There is a communal-type set of toilets: men and women separate, but handwashing together.
Outside the toilets sit a group of Ethiopians, perhaps a family, perhaps they work here, having victuals.
I ask the guard, who sits forlornly along this, by now, mostly deserted industrial street, watching out for terrorists. He knows nothing about Mordechai and Sharona, but asks me the time.
I finally get that there is another entrance down the block. Same digs; different hall, which is a converted garage done up a bit.
Enter through the chain-link fenced gate and cross a shallow wooden bridge over a sudsy pool with gushing soapy fountains and I am at the right party. I hear music, the DJ warming up with Shlomo Arzi, and Shoshana Damari. A young woman approaches me, delighted and surprised to see me there. I am confused; think it to be Sharona.  But it is L. the fiance of C. one of my friends in Ra’anana. She is Sharona’s cousin. What am I doing there? I tell her of Mordechai and she phones C., who is on active duty patrolling just after the Lebanese war. Guess who’s here, he later tells me she said. He tries to explain to her that while on active duty, he is doing enough guessing; doesn’t need more.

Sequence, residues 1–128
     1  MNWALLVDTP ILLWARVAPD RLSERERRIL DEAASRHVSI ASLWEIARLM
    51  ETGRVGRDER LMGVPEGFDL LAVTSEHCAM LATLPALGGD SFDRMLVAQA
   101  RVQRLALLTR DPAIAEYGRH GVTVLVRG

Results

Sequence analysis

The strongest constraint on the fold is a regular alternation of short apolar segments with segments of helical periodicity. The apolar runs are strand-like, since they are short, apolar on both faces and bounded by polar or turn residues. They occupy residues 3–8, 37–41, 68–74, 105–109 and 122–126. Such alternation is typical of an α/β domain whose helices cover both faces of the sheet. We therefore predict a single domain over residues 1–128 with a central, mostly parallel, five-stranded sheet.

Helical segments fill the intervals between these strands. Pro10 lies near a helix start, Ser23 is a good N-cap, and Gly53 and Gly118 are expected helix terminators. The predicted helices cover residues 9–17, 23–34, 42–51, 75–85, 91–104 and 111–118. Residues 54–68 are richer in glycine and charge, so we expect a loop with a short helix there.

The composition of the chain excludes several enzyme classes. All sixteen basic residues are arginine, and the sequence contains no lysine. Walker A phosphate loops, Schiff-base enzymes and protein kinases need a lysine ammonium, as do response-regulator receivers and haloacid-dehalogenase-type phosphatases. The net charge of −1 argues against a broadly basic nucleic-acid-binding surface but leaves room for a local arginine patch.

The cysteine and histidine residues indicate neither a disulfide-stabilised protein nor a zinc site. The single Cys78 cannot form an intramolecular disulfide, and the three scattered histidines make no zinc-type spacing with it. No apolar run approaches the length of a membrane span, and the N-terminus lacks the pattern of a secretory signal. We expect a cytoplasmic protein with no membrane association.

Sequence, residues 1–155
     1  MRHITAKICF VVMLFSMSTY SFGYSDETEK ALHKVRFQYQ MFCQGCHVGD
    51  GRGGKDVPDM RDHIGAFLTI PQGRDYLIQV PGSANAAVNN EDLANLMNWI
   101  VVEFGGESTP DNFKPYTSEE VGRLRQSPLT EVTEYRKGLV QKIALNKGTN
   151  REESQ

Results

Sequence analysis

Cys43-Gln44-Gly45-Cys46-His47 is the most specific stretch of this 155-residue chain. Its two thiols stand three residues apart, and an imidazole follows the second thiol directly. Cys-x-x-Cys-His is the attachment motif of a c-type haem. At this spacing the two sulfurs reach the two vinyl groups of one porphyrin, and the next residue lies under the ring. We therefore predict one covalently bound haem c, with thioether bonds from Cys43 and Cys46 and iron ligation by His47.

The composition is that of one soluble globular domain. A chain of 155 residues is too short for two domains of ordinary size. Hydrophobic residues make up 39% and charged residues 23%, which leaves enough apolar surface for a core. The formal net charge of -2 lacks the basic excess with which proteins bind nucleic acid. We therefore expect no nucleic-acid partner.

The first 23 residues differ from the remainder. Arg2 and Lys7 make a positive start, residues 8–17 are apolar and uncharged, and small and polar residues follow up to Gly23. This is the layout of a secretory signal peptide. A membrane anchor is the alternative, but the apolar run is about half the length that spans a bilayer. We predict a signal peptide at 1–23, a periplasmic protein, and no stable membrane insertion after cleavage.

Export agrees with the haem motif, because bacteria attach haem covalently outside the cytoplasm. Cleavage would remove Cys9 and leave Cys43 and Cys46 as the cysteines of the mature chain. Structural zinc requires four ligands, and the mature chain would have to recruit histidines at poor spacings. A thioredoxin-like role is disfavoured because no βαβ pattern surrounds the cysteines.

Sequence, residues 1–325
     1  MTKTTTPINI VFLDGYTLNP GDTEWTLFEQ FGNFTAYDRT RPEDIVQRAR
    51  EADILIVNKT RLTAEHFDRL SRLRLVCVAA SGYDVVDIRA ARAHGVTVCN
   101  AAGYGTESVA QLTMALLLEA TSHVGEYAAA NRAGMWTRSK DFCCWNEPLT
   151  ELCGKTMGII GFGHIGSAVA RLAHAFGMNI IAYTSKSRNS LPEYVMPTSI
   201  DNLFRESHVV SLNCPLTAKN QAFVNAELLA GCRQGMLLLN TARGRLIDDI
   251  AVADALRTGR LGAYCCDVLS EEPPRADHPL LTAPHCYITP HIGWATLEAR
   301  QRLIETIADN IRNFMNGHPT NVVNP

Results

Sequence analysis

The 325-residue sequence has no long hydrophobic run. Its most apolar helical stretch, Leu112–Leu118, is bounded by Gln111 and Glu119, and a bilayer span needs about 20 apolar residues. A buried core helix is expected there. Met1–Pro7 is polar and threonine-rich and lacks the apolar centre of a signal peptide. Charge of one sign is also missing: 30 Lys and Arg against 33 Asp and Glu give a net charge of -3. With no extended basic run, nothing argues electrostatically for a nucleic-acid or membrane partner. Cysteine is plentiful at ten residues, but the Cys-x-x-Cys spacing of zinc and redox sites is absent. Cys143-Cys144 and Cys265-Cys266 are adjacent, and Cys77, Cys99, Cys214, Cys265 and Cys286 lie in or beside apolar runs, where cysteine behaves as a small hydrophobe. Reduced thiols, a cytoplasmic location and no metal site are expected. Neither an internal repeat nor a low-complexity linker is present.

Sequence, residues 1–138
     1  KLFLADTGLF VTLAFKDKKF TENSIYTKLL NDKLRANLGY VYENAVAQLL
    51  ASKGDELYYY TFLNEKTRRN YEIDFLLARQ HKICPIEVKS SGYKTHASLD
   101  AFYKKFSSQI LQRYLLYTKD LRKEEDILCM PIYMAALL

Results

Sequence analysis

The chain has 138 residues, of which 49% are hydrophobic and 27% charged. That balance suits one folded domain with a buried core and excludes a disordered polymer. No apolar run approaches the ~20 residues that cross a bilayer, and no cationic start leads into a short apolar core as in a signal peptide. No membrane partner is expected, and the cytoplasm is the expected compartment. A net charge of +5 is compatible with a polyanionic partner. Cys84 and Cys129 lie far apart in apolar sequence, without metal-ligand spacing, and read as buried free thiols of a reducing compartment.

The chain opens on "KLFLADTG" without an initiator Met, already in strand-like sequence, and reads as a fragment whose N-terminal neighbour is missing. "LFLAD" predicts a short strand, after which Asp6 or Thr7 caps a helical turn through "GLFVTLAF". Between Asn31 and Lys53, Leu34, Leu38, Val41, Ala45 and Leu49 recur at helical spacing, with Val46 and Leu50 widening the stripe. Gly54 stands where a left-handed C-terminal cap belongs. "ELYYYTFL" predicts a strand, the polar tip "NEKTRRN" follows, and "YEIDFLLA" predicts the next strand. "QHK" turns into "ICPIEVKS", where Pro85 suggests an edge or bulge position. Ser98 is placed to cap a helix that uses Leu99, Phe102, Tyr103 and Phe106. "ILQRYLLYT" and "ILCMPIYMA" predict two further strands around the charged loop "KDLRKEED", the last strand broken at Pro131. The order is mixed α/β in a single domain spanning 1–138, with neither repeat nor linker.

I meet Luc, once Mordechai’s teacher in college in France, later a dear friend, who has made his first trip to Israel for this wedding. To Jerusalem he had been yesterday — still stunned by the experience. Lanky, wishing that he could speak to me in French, his English is servicable enough to tell me of Mordechai’s fractious family; their refusal to attend the wedding, even to meet his fiance in France. Later, after the brief ceremony, after my hug to Mordechai, Luc comments, that it looks like Mordechai cares for me greatly.